Highlights of Mr. Tetzlaff’s 2021-022 season include concerts with the Cleveland Orchestra, the San Francisco, Pittsburgh and Montreal symphonies, and the London Philharmonic, Deutsches Symphonie Orchester Berlin, NDR Radiophilharmonie and NDR Elbphilharmonie Orchestra. In 2021 he toured with the Konzerthausorchester Berlin under the baton of Christoph Eschenbach and presented all-Bach recitals in Houston and Los Angeles. He also performs duo recitals with pianist Lars Vogt at numerous European summer festivals, as well as duo recitals with pianist Leif Ove Andsnes in Berlin, Paris, London and Moscow.
Mr. Tetzlaff is also a dedicated chamber musician, and to this day, performing chamber music is as close to his heart as his work as a soloist with or without an orchestra. He founded the Tetzlaff Quartet in 1994 with violinist Elisabeth Kufferath, violist Hanna Weinmeister and his sister, cellist Tanja Tetzlaff, and each season he undertakes at least one extensive tour with the Quartet when they appear on the major recital and chamber music series throughout Europe and North America, as well as in Asia. During the 2021-22 season, the Tetzlaff Quartet returns to the U.S. for a tour which includes appearances in Princeton, Berkeley, Orange County, Miami and Carnegie Hall. He also regularly tours with as a trio with Ms. Tetzlaff and pianist Lars Vogt and both ensembles regularly record.
Mr. Tetzlaff has received numerous awards for his many recordings, including the Diapason d’or in 2018, Midem Classical Award in 2017 and the Preis Der Deutschen Schallplattenkritik in 2015. The Tetzlaff Quartet received a Diapason d’or in 2015 and one of the trio’s recordings was nominated for a Grammy Award. Most recently, his recording of the Bartók Violin Concertos with the Helsinki Philharmonic and Hannu Lintu was chosen as the Gramophone Concerto Recording of the Year. Of special significance are his recordings of the unaccompanied Bach Sonatas and Partitas, works which he recorded for the third time in 2017 for Ondine and remain an integral part of his concert calendar. A new Ondine recording of the Beethoven and Sibelius Concertos with the Deutsches Symphonie-Orchester Berlin and Robin Ticciati was released in 2019, while the latest Quartet recording, also on the Ondine label, features the late Beethoven string quartets Op. 130/133 and op. 132.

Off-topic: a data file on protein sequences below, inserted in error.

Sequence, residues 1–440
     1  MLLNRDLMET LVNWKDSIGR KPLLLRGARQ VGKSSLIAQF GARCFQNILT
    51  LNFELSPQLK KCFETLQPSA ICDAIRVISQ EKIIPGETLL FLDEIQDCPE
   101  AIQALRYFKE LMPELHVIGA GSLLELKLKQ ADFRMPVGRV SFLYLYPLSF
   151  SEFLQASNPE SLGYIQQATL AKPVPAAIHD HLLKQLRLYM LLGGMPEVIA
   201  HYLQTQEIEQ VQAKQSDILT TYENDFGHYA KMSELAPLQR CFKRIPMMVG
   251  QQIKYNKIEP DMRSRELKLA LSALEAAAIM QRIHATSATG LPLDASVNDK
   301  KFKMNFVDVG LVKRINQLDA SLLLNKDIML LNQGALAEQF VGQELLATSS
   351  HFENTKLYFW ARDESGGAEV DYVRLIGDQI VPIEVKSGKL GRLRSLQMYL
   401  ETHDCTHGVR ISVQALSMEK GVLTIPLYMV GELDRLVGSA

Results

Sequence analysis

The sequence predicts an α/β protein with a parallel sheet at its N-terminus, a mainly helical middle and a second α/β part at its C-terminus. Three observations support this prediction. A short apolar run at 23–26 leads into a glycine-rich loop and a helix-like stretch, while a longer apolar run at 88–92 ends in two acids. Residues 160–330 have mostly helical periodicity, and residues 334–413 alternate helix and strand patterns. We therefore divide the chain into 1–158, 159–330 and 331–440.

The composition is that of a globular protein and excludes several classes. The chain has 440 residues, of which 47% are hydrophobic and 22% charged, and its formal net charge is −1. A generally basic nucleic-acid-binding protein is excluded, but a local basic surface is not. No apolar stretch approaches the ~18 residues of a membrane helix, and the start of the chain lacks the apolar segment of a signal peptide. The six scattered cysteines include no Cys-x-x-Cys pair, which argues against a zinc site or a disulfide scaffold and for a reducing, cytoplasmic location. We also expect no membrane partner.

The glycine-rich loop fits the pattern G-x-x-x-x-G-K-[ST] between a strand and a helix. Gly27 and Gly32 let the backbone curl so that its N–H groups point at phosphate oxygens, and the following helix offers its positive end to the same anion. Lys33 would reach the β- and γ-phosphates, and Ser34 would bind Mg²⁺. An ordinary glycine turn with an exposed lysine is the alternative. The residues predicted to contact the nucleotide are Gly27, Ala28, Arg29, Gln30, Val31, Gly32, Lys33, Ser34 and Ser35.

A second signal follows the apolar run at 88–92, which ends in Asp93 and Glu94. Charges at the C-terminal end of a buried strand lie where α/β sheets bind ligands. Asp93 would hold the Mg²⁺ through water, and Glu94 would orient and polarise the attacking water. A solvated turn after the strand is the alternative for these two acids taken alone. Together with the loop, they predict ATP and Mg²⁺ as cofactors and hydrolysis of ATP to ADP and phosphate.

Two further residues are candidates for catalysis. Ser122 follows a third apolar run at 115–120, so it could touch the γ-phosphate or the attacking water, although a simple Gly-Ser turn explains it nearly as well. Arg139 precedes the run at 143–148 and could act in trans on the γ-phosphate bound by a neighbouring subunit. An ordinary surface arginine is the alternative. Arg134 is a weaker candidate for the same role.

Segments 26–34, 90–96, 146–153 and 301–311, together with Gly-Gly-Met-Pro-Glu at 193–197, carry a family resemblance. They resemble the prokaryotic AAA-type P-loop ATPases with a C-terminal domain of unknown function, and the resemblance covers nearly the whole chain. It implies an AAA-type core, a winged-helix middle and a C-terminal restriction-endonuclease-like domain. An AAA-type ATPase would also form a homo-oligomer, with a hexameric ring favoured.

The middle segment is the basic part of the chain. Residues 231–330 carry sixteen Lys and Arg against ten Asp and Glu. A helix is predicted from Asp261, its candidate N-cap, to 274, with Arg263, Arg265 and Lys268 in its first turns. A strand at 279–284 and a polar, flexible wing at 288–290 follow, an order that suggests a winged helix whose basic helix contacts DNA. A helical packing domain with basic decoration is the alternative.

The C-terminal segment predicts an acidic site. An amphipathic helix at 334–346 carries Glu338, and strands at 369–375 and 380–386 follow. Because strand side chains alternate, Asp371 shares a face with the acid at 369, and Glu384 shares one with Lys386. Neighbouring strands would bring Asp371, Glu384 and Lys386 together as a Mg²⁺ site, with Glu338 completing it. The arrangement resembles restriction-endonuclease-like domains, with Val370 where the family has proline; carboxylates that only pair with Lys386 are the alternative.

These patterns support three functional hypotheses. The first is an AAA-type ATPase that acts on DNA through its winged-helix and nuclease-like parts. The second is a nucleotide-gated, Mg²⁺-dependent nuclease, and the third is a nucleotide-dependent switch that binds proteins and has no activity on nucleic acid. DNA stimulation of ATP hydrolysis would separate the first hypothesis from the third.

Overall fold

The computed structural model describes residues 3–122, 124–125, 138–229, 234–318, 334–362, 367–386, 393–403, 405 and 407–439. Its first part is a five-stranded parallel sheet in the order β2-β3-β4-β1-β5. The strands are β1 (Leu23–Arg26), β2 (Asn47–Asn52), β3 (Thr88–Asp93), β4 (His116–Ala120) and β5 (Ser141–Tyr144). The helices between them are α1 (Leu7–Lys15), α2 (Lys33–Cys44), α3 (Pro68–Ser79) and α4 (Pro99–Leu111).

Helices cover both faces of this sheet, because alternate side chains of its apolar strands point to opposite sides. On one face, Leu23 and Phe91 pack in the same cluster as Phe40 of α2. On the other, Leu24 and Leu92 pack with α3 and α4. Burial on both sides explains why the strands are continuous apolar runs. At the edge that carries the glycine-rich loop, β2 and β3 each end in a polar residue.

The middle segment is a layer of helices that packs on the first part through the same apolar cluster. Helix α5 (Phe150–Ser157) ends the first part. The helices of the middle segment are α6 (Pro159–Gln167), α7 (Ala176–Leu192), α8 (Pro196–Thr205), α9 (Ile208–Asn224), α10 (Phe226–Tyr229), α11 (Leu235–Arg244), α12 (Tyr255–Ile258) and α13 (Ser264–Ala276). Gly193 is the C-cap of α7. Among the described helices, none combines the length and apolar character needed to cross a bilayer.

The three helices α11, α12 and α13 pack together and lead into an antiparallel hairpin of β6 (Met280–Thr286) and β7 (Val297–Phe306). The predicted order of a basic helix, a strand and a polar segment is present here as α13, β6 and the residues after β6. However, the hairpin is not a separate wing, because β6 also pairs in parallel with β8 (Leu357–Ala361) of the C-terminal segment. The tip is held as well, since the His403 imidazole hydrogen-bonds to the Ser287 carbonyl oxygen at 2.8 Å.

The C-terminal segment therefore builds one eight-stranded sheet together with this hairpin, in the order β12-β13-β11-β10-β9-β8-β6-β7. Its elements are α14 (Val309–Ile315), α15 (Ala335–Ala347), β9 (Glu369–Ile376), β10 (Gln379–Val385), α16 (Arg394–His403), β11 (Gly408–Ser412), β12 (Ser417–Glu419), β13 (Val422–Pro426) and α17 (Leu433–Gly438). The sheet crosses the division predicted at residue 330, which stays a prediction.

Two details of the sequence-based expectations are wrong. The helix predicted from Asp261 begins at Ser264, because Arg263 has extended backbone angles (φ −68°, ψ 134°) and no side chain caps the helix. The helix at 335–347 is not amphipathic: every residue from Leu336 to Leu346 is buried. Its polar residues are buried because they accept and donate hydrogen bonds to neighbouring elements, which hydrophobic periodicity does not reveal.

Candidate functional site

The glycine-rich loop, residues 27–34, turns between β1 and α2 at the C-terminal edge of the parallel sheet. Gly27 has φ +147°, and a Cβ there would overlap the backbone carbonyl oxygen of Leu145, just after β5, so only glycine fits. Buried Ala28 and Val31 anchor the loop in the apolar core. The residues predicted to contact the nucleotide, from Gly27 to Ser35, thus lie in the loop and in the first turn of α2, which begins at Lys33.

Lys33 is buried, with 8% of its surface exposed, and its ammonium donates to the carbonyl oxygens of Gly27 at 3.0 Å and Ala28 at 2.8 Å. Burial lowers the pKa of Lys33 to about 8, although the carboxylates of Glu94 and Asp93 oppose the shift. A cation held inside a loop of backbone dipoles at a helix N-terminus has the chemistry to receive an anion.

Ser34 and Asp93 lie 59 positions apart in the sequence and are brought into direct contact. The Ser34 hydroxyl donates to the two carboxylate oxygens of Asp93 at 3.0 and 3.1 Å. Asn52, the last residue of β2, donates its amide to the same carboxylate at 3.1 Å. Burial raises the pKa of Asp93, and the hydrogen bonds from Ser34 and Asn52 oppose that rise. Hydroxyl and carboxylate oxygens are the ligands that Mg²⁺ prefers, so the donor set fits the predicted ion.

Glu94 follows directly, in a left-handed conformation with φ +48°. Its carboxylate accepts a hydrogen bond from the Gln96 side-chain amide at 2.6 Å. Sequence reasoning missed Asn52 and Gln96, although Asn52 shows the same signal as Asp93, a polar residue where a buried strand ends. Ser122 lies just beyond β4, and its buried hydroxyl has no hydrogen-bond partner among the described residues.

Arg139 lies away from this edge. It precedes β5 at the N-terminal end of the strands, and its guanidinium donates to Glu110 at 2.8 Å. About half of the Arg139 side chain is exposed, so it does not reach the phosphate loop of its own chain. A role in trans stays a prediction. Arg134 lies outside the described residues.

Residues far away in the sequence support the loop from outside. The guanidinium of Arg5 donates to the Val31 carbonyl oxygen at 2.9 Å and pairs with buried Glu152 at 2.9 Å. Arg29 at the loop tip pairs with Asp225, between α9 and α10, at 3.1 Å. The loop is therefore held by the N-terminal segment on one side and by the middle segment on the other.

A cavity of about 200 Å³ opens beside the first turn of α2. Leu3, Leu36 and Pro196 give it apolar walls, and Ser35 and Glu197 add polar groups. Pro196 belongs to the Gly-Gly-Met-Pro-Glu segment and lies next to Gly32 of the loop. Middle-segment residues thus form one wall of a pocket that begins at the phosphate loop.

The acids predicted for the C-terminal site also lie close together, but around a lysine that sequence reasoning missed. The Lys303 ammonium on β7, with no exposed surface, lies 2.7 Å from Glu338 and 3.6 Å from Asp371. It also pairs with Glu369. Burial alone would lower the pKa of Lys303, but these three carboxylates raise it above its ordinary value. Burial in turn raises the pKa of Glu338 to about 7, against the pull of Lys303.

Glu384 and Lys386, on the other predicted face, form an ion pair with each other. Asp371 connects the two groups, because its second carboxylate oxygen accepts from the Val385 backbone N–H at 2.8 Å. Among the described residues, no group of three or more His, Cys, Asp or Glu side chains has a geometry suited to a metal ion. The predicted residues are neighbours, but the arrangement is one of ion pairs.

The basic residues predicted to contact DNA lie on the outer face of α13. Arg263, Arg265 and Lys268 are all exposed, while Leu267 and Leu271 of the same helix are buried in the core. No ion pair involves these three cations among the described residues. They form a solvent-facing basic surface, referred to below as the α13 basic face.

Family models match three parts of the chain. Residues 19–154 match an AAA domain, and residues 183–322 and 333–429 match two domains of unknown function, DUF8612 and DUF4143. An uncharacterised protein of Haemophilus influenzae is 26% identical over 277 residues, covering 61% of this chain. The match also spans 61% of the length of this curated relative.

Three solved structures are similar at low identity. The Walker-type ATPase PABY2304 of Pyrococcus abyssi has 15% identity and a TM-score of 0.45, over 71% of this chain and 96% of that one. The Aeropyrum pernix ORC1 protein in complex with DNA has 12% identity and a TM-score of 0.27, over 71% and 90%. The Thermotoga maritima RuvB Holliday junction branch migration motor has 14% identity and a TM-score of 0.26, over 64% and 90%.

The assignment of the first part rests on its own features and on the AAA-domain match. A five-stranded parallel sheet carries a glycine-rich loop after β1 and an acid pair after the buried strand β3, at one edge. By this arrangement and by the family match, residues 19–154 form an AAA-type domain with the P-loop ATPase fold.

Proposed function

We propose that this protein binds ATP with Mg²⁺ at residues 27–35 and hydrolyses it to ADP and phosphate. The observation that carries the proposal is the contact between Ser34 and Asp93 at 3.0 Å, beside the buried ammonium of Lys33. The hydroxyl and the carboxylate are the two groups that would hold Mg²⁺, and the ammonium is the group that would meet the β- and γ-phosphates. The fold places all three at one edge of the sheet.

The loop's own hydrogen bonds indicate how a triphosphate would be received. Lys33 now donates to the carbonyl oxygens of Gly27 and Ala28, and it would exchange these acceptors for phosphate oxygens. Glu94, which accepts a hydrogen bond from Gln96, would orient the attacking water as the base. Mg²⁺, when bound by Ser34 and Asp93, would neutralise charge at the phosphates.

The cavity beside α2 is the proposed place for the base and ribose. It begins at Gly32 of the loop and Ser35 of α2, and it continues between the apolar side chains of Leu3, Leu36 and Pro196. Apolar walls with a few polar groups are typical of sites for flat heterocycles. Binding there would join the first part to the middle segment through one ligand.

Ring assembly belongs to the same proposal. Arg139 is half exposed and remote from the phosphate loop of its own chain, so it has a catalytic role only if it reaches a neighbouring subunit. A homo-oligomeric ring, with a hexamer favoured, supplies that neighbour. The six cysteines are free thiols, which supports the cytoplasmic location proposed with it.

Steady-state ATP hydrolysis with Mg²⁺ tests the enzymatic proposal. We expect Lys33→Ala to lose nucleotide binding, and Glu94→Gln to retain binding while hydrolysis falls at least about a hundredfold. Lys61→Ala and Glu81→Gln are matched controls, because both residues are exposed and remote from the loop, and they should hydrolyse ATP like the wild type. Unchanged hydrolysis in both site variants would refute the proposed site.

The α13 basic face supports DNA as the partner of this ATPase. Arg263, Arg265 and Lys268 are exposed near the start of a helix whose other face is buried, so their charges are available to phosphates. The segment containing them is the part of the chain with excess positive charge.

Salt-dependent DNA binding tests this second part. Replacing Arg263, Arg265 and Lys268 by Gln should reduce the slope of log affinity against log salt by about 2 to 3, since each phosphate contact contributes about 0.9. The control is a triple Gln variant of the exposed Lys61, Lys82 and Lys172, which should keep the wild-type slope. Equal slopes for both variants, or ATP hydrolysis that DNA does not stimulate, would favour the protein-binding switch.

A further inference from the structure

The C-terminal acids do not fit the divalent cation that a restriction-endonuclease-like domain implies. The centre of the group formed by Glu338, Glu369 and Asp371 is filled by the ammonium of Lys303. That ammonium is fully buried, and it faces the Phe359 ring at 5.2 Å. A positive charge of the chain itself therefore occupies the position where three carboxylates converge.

Born in Hamburg in 1966 and now living in Berlin with his family, Mr. Tetzlaff did not begin intensive study of the violin until making his concert debut playing the Beethoven Violin Concerto at the age of 14. He attributes the way he learns and performs to his teacher at the conservatory in Lübeck, Uwe-Martin Haiberg, for whom musical interpretation was the key to violin technique, rather than the other way around.
Mr. Tetzlaff plays a violin by the German violin maker Peter Greiner and teaches regularly at the Kronberg Academy.
With a flair for inventive programming and a bold presence on stage and in the community, Chad Goodman has been praised for "bringing innovation to classical music" (Forbes).
As the Conducting Fellow of the New World Symphony, Mr. Goodman conducts on subscription, education, family and holiday programs. His program, “SPARK: How Composers Find Inspiration,” blended captivating light design and videography with engaging audience participation to explore how a composition is created and brought to life by an orchestra.
Since 2018 Mr. Goodman has served as an Assistant Conductor to the San Francisco Symphony, assisting Esa-Pekka Salonen, Manfred Honeck, Daniel Harding, Pablo Heras-Casado, Simone Young and James Gaffigan among others.
As Founder and Artistic Director of Elevate Ensemble, Mr. Goodman’s ambitious vision for concert programming resulted in the pairing of music from Bay Area composers with underappreciated gems of the 20th and 21st centuries. Under his leadership, Elevate Ensemble established a Composer-in-Residence program and commissioned fifteen works from Bay Area composers. Elevate collaborated with photographers, videographers, poets and culinary artists, bringing new music and vibrant multi-genre experiences to unique venues such as yoga studios, historic Victorian homes and art studio warehouses.
Mr. Goodman has previously served as Conducting Fellow of Festival Napa Valley, Music Director of the Contra Costa Chamber Orchestra, Conducting Fellow of the Atlantic Music Festival, and a rehearsal and cover conductor for the San Francisco Ballet.
In addition to his performing career, he teaches young musicians the business and entrepreneurial skills needed to successfully navigate the world as a working musician in his workshop “You Earned a Music Degree. Now What?”
Mr. Goodman holds a bachelor of music degree from the Eastman School of Music and a master of music degree from San Francisco State University. His mentors include Michael Tilson Thomas, Alasdair Neale, Cyrus Ginwala and Martin Seggelke.